It’s been a brutal year for Russia, and next year may be worse for its citizens and the business community amid an economic recession and continued friction between its government and the West. There have also been a variety of shockwaves sent through the Russian tech industry, which doesn't get much attention in the West despite being the sixth-largest Internet market by number of users.
The latest came last week after Lamoda, a major Russian e-commerce player backed by Western investors—including Germany’s Rocket Internet, JPMorgan Chase and Summit Partners—had its Moscow office searched by law enforcement authorities for reasons that are still unclear. It’s not unusual in Vladimir Putin’s Russia, where a broad array of businesses live in fear of authorities shutting them down.
But Internet businesses, including those that offer their services globally, also are getting hit with a series of new data and tax laws. Starting in 2016, for instance, websites operating in Russia will be required to store data on servers located inside the country. Some non-Russian companies might find the costs and technical challenges onerous and decide to shut off access to Russian Internet users.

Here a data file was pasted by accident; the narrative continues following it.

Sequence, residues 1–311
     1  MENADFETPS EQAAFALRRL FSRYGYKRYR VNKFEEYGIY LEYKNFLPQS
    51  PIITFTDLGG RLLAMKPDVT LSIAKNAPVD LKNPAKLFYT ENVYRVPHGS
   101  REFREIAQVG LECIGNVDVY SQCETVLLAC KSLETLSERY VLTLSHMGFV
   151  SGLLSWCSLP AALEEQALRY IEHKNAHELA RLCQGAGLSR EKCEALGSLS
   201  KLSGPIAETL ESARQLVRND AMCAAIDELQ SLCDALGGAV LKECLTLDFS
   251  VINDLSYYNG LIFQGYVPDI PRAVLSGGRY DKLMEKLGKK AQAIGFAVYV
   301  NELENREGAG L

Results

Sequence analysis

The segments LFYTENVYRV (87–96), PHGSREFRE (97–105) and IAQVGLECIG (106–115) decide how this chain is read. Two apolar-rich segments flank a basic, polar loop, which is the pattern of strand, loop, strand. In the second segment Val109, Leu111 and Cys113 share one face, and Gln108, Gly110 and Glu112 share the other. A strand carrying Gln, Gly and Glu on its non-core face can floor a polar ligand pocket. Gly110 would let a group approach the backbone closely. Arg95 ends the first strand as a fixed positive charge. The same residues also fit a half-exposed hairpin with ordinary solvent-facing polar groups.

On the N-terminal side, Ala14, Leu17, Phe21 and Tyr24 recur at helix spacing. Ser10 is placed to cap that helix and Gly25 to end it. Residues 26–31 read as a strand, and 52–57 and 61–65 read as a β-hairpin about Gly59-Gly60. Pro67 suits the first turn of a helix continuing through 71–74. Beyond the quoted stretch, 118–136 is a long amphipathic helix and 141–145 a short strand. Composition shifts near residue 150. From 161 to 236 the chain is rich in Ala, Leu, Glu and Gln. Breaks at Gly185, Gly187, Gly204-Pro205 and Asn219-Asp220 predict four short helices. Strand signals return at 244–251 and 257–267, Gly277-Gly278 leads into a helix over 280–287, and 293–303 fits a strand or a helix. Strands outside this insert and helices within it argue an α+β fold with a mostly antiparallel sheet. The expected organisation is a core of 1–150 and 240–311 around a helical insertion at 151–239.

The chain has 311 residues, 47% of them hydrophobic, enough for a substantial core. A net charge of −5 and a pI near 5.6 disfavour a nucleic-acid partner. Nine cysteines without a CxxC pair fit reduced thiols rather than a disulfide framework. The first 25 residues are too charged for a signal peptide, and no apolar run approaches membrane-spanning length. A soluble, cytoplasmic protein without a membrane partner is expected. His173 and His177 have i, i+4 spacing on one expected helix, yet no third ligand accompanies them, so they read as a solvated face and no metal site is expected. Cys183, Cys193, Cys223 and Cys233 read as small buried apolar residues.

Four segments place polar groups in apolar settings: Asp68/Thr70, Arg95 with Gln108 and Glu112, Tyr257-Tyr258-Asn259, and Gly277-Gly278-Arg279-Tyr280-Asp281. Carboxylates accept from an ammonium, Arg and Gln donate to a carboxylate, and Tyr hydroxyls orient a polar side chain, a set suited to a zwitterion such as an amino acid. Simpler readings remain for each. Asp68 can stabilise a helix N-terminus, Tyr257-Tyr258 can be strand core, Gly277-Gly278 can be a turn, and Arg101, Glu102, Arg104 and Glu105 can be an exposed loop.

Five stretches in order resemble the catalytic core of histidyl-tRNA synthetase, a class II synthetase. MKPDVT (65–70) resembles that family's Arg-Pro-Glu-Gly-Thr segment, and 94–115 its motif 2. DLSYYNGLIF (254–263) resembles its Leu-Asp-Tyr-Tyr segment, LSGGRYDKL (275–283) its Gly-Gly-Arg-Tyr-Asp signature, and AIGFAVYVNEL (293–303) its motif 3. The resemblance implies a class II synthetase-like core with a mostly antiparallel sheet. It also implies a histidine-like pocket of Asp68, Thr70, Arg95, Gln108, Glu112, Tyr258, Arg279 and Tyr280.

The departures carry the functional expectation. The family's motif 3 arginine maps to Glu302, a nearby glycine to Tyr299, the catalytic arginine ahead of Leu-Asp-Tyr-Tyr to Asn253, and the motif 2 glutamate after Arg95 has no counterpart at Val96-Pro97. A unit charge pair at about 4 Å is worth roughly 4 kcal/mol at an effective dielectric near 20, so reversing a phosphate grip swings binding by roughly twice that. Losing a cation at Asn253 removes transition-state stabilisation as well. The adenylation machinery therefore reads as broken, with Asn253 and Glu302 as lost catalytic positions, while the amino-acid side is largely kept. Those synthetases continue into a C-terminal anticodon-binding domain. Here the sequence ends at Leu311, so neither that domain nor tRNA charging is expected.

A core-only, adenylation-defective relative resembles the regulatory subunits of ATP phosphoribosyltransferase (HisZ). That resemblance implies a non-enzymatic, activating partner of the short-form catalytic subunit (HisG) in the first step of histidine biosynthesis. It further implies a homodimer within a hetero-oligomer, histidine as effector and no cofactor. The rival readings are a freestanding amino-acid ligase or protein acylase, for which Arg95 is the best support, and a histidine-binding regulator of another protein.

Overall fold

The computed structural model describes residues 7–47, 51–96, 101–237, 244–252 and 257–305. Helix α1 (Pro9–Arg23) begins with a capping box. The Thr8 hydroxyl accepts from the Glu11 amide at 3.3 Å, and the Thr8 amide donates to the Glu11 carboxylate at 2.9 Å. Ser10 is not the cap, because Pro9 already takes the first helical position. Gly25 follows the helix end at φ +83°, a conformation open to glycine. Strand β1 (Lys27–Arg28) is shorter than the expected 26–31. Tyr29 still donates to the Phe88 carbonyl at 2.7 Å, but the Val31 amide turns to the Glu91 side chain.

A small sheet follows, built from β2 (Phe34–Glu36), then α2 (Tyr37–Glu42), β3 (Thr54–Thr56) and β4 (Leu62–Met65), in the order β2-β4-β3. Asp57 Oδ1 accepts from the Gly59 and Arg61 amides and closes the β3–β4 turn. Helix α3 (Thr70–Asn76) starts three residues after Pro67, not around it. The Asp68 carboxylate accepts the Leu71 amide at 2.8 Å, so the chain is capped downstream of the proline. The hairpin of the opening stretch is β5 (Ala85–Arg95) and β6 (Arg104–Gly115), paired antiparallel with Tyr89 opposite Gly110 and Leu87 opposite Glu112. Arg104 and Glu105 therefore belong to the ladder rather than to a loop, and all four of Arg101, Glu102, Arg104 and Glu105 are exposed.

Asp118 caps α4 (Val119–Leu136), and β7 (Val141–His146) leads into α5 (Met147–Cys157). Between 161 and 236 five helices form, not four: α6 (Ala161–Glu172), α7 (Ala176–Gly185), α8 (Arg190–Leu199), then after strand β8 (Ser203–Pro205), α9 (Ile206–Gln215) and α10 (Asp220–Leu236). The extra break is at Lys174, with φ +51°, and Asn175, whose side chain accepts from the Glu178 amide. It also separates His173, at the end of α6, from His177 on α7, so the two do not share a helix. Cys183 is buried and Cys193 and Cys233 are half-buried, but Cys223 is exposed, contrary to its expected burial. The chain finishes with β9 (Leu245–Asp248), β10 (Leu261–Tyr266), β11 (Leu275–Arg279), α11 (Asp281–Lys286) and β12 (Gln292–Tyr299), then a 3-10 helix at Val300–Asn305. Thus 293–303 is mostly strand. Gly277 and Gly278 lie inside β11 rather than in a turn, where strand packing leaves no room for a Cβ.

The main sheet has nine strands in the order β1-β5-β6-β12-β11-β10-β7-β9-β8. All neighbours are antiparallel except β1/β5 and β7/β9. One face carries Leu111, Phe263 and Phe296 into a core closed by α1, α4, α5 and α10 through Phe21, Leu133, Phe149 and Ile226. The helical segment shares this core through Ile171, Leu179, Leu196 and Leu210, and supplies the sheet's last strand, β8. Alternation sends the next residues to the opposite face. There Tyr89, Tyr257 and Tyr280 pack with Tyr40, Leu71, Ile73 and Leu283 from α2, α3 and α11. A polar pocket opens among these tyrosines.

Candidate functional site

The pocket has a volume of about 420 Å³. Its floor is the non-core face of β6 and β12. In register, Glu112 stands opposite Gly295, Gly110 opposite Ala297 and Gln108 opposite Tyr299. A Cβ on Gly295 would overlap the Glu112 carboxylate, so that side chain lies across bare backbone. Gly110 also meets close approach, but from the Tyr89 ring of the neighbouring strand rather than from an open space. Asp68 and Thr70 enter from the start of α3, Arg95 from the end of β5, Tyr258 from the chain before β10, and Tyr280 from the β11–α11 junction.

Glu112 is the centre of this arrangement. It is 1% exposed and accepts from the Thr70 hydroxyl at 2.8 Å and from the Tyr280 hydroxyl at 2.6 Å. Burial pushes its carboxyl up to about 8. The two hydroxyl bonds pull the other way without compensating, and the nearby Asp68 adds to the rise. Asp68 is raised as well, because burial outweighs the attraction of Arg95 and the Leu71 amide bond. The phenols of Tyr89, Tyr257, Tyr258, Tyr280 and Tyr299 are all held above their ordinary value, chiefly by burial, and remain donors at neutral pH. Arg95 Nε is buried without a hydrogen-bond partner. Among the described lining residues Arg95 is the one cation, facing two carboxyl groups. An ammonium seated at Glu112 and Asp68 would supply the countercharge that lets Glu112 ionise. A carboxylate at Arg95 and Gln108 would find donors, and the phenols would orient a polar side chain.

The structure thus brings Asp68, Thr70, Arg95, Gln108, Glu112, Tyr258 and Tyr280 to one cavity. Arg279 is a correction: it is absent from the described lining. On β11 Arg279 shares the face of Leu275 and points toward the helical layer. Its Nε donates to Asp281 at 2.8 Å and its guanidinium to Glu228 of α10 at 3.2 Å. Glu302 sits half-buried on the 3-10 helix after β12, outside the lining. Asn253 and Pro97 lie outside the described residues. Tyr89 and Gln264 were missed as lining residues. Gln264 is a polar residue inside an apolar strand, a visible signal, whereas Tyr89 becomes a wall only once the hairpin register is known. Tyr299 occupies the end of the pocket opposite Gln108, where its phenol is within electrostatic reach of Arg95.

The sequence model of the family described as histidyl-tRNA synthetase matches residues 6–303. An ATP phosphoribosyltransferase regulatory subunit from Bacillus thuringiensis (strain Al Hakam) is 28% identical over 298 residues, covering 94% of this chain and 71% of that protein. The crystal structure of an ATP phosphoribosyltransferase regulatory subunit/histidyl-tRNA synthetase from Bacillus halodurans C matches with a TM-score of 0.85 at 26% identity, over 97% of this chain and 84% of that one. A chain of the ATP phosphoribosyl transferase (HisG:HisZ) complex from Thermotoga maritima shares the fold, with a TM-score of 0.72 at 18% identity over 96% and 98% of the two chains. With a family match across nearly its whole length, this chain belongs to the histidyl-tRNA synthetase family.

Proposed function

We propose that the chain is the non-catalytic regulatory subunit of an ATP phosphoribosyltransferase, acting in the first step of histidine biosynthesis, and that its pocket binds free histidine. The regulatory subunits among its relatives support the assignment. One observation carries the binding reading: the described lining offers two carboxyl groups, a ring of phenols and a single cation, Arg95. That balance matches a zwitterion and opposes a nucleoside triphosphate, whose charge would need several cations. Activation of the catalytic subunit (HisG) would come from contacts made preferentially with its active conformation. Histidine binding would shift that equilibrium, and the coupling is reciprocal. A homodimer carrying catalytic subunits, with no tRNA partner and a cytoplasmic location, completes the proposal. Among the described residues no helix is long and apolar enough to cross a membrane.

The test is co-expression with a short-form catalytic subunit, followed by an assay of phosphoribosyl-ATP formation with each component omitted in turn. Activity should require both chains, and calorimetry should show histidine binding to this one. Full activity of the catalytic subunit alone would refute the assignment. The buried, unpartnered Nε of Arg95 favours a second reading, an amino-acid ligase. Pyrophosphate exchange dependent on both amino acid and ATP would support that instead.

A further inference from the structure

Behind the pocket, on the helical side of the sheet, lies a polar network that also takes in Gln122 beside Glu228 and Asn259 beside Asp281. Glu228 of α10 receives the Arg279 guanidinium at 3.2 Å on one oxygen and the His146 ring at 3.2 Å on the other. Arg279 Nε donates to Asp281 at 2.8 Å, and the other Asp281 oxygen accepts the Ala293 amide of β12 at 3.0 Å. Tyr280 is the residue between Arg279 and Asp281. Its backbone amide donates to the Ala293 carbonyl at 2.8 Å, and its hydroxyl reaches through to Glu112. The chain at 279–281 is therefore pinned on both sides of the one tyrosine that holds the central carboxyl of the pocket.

A growing number of companies are ditching the country, which hatched major tech concerns including search engine Yandex and Internet conglomerate Mail.ru. Instead, firms are heading to places like the Czech Republic and Lithuania. The Russian founder of Russia’s top social network and the Telegram messenger left the country in April. American software maker Adobe Systems also recently closed its Russia office.
Some American venture and private equity firms, including General Catalyst, Accel Partners and Tiger Global Management, have divested some of their Russian investments, signaling a broad retreat. Meanwhile, Russian venture firms are increasingly looking to invest elsewhere, following the lead of Digital Sky Technologies, which branched out to the U.S. years ago.
Misha Lyalin, who was born in Moscow, is living through the crisis. As the CEO of Zeptolab, a self-funded mobile game maker based in Russia that is one of the country’s best known tech startups, he is in an enviable position relative to many peers. His company’s games, such as Cut the Rope, are available globally and thus aren’t impacted by the dropping consumer spending levels domestically.
But the 40-year-old Mr. Lyalin, who manages nearly 100 employees in Moscow, most of them engineers, says he hasn’t ruled out leaving the country for more stable pastures. He recently spoke with The Information about the fearful and beleaguered tech scene in Russia and how this crisis also breeds opportunity. Edited excerpts below.